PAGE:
Bart van Grinsven (B.R.N.)
Bart van Grinsven received a Master degree in bioelectronics and nanotechnology from Hasselt University in 2007. Then he was employed by TNO as a development engineer but returned to the BIOSensor group of Hasselt University in 2008 to pursue a PhD degree. He successfully defended his PhD in physics in July 2012, promoted by Prof. Dr. Patrick Wagner and Prof Dr. Michael Schöning. After working as a post doctoral researcher in the same group he then switched to Maastricht University, within the Maastricht Science Programme where he now holds the position of Assistant Professor under the supervsion Prof. Dr. Thomas Cleij. Currently he has published > 40 peer reviewed articles and is an inventor on 8 patents. Furthermore, he was awarded 4 scientific awards:
(1) Best presentation award (2012); Engineering of Functional Interfaces; Session: Biophysics and Medical Physics.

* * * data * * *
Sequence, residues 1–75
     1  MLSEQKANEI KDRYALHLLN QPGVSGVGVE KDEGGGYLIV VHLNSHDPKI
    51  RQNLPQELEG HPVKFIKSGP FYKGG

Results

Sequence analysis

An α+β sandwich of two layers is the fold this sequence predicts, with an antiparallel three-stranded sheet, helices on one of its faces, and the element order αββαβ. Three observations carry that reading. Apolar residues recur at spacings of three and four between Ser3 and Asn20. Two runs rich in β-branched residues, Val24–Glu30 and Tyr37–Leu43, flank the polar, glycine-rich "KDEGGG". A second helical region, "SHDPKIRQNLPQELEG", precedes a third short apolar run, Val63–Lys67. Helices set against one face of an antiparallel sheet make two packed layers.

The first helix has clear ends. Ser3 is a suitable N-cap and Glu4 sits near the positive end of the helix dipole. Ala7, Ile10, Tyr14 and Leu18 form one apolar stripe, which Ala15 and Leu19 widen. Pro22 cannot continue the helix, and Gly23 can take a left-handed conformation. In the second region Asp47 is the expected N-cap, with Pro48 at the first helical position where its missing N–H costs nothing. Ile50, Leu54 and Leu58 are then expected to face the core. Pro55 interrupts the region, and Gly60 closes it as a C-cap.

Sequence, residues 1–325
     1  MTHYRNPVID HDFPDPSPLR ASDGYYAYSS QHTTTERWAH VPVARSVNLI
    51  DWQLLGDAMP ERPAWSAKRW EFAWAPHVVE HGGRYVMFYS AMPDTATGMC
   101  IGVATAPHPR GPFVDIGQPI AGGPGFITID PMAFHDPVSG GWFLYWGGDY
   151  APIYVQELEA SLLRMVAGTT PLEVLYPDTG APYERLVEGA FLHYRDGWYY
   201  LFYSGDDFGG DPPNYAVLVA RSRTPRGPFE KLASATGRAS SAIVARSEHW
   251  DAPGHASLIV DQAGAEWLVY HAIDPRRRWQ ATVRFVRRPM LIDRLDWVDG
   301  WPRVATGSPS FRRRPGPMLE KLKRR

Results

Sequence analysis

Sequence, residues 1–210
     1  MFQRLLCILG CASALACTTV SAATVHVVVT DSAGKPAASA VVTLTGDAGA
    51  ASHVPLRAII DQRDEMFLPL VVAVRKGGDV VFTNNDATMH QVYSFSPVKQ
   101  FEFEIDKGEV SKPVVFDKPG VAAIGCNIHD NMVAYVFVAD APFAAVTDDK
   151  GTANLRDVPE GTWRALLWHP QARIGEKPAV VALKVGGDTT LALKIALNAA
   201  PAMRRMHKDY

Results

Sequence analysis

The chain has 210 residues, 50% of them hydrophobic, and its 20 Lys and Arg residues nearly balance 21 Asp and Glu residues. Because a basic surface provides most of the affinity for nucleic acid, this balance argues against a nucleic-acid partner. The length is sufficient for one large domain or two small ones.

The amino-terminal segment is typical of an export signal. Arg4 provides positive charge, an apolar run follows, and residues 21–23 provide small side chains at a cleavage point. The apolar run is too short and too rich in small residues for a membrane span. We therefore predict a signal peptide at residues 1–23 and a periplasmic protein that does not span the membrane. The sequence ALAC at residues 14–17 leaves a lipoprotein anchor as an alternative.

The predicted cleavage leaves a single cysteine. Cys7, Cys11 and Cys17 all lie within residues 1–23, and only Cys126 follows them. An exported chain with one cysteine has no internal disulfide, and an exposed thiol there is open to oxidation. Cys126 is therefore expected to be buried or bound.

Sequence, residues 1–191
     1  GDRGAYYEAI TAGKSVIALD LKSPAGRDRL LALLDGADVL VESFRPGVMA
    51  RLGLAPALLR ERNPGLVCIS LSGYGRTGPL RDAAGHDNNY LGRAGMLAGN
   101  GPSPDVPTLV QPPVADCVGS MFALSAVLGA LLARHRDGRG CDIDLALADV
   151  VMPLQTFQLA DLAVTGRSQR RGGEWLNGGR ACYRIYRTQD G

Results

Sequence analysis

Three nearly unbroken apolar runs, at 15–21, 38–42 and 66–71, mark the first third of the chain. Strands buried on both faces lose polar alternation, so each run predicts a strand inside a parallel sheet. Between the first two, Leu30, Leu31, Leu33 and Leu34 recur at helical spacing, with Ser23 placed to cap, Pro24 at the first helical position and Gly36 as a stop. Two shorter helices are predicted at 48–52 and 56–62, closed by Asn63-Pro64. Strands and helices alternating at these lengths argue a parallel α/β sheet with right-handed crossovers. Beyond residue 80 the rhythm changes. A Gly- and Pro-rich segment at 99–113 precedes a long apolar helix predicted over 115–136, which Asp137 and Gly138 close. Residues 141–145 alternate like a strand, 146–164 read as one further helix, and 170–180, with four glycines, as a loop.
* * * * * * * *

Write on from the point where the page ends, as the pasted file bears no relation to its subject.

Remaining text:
(2) Young Scientist Award (2013); Belgian Physical Society
(3) Mckinsey Award (2013); Mckinsey & Company and the FWO
(4) Edmond Hustinx Award for Sciences (2016); Edmond Hustinx Foundation
An overview of his publication record can be found at https://www.researchgate.net/profile/Bart_Van_Grinsven
My expertise lies in the development of electrochemical and heat-transfer based sensors for diagnostic purposes.
Professional career history
2007 – 2008 TNO
Developer wearable sensor systems in the area of health and sports with the expertise of bioelectronic parameters.
2008 - 2012 Hasselt University
PhD student at the faculty of physics, mathematics and informatics stationed at the Institute for Materials Research. Development of a label-free electronic and thermal read-out device for mutation detection in DNA.
2012 – 2014 Hasselt University
Post doctoral researcher at the institute for materials research (IMO) located at the Hasselt University in Belgium within the area of medical physics.
2014 – present Maastricht University
Assistant professor at the Maastricht Science Programme within the Smart Devices research group. My expertise lies in the development of electrochemical and heat-transfer based sensors for diagnostic purposes.